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Godwin, Cavendish, and their contemporaries are important for generating a freely speculative space of imagination—which is still science fiction’s role today. In constructing worlds—or birthing “paper bodies,” as Cavendish called them—the authors’ acts of envisioning possible futures had a tangible impact on how reality took shape. Take this selection of technological marvels Bacon describes in New Atlantis: “Versions of bodies into other bodies” (organ transplants?), “Exhilaration of the spirits, and putting them in good disposition” (pharmaceuticals?), “Drawing of new foods out of substances not now in use” (genetically modified food?), “Making new threads for apparel” (synthetic fabrics?), “Deceptions of the senses” (television and film?).
And then there’s this eerily prescient description of the Lunar technology in The Man in the Moone:
You shal then see men to flie from place to place in the ayre; you shall be able, (without moving or travailing of any creature,) to send messages in an instant many Miles off, and receive answer againe immediately you shall bee able to declare your minde presently unto your friend, being in some private and remote place of a populous Citie, with a number of such like things… you shall have notices of a new World… that all the Philosophers of former ages could never so much as dreame of.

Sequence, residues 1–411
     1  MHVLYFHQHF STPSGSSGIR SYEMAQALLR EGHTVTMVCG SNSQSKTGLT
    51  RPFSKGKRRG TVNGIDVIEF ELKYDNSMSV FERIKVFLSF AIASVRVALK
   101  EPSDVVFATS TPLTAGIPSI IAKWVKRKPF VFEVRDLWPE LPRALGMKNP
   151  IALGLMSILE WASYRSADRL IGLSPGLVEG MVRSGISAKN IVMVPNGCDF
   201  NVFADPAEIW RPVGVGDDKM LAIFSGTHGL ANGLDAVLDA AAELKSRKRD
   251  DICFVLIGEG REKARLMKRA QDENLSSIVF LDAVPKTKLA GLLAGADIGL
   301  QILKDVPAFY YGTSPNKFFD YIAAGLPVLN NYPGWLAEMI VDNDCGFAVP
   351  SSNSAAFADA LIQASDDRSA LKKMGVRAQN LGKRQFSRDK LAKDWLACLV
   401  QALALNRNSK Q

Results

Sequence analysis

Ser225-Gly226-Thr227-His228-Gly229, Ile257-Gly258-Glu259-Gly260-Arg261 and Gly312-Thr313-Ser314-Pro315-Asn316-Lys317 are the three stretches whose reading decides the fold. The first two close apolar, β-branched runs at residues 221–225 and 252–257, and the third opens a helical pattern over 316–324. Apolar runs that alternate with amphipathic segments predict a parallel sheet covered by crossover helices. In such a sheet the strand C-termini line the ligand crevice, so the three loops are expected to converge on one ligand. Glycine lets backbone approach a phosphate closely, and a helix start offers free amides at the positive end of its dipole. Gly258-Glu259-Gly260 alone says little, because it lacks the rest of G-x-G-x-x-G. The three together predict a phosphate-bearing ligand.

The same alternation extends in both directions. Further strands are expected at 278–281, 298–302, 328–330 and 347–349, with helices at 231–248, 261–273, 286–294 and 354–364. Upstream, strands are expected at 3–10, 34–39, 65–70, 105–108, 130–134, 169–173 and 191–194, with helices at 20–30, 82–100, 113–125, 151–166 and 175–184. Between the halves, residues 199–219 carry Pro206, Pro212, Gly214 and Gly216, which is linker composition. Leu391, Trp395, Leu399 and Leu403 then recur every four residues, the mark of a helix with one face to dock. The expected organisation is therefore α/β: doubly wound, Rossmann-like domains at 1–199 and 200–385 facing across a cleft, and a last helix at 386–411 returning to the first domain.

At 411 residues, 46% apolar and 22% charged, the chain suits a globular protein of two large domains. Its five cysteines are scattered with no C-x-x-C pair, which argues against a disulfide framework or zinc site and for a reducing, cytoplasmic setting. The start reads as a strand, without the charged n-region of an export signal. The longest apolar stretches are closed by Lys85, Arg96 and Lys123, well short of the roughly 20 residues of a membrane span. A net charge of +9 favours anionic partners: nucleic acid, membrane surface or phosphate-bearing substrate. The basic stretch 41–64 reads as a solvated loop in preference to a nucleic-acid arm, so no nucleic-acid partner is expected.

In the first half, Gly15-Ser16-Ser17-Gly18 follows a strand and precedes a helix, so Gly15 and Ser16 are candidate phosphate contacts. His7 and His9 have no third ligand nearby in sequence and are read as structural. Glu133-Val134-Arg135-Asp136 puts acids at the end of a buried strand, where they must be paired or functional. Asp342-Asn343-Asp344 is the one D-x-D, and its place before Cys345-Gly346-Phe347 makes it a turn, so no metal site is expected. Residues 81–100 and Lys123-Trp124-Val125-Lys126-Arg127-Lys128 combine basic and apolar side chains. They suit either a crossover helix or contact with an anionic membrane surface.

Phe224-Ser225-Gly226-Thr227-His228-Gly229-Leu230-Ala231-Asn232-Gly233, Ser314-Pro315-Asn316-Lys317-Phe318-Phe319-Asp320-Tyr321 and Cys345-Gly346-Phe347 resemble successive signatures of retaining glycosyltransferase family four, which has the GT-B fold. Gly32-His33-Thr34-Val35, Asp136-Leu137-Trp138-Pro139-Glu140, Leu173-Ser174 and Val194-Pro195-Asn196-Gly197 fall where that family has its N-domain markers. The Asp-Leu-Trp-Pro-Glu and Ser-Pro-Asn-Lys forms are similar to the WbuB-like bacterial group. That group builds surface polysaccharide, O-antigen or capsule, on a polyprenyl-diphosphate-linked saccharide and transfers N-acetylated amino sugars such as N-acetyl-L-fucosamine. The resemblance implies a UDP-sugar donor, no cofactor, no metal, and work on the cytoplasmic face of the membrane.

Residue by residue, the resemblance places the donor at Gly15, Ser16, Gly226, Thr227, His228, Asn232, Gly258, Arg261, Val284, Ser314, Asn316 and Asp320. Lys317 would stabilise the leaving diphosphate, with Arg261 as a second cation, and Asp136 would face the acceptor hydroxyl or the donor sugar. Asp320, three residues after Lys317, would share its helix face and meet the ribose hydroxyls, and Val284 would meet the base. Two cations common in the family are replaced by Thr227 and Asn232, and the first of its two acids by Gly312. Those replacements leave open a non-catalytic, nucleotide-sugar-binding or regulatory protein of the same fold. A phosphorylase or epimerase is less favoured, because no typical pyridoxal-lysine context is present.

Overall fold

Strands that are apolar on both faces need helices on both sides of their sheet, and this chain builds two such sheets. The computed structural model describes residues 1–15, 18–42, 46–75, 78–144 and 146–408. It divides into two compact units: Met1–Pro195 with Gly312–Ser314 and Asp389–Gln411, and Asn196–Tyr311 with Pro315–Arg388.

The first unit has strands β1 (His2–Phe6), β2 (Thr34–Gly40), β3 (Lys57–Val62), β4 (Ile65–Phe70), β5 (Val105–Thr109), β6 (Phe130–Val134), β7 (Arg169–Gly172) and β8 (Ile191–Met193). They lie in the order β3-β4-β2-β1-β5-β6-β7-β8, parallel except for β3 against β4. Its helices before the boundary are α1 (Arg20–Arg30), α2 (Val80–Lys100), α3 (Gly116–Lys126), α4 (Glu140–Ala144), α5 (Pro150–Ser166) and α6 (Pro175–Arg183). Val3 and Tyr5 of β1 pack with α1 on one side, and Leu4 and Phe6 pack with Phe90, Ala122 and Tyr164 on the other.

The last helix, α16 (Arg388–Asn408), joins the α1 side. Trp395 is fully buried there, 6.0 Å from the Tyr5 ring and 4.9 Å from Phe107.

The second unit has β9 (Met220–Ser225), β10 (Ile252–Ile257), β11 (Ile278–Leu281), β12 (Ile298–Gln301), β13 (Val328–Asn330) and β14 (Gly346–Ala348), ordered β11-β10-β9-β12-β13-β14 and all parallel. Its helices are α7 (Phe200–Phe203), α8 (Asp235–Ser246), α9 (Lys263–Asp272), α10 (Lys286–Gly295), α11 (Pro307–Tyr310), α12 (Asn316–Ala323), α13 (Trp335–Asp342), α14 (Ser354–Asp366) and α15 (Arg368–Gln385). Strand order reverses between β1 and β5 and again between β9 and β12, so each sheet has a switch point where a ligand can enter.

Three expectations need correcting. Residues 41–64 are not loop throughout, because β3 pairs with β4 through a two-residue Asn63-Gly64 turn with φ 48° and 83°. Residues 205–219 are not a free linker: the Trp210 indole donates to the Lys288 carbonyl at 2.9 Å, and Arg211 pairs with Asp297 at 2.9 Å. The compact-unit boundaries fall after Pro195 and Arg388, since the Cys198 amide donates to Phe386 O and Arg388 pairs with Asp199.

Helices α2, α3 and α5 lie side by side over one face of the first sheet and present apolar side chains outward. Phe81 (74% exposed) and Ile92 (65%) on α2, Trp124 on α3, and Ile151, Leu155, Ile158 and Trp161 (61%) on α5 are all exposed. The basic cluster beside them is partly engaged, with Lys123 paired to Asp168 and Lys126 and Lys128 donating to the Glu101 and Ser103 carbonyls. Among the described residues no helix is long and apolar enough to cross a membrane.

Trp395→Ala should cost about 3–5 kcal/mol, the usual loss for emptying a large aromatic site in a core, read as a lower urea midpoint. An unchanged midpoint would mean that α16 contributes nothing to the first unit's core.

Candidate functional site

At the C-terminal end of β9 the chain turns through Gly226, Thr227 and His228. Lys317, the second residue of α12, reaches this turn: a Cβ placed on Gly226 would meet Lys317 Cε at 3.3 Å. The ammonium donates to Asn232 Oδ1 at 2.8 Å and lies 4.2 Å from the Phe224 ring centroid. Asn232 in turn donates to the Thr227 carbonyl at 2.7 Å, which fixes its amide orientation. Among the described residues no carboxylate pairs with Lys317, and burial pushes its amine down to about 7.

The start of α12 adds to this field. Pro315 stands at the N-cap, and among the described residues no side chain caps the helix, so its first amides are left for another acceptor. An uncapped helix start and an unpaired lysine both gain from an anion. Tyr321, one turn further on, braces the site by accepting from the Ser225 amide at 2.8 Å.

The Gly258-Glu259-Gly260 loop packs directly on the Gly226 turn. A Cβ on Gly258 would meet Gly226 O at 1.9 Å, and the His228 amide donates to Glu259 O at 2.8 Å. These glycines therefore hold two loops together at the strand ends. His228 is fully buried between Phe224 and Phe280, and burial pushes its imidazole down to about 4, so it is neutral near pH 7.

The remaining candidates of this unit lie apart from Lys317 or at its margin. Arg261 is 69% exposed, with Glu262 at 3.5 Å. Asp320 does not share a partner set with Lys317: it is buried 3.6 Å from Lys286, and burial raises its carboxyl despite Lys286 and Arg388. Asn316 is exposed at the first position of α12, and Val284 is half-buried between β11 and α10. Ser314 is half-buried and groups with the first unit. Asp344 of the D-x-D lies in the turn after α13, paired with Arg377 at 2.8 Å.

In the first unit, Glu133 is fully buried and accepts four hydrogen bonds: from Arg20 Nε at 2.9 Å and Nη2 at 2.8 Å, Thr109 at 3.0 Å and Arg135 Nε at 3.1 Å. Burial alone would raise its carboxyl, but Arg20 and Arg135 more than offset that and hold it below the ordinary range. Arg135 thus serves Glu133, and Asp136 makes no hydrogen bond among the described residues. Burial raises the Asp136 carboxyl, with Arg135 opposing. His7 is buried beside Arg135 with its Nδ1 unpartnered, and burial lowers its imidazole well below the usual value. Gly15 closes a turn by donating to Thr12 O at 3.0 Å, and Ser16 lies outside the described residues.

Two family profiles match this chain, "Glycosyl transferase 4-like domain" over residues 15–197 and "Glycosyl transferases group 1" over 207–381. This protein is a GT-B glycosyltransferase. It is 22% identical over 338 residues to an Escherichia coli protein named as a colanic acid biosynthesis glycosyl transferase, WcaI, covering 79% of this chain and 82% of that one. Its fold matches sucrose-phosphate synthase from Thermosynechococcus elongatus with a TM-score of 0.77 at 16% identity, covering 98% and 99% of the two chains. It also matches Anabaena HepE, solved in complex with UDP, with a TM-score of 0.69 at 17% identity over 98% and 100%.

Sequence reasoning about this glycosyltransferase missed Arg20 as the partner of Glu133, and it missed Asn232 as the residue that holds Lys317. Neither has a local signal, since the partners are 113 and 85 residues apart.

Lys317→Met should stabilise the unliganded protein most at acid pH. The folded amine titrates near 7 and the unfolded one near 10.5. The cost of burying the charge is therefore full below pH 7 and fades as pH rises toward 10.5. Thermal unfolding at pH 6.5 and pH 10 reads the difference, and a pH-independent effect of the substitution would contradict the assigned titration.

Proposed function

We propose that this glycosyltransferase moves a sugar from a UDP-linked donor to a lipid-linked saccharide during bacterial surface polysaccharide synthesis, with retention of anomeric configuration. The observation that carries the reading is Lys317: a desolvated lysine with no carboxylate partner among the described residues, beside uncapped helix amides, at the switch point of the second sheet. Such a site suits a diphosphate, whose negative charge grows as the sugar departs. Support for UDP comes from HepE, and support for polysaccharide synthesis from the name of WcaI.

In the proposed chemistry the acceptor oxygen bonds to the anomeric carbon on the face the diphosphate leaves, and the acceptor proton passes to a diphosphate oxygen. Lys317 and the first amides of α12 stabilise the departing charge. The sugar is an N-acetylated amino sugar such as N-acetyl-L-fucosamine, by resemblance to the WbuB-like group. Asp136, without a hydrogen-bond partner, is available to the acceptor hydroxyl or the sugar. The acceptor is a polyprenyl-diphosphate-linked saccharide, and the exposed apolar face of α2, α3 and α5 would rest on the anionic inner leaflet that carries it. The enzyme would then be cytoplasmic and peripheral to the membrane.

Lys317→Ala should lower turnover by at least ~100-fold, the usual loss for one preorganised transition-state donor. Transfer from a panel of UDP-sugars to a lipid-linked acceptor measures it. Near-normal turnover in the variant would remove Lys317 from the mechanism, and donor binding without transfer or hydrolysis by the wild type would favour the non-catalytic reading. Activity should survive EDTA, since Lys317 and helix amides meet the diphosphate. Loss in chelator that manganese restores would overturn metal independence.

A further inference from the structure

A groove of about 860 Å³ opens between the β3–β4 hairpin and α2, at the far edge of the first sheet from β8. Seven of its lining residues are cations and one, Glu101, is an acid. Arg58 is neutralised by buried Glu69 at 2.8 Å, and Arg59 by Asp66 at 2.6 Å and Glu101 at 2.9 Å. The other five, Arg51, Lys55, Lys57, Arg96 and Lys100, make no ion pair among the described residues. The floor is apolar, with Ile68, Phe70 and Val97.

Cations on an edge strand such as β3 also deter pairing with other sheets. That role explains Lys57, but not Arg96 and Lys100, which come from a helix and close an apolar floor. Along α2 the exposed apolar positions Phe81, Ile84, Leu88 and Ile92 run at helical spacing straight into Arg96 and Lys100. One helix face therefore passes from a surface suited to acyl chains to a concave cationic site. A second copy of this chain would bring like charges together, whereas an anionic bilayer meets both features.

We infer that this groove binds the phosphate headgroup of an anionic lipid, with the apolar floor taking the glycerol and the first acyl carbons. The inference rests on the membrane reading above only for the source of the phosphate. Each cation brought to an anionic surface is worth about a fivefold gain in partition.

Can one read that passage and not think of air travel, telecommunications, the internet, computers? This is prophesy, but not of scripture and myth; Godwin did not speak to angels, and had no scrying mirrors or tools of divination. Instead, he relied on empiricism and reason. And that gave him a rare quality as an oracle: He happened to be correct.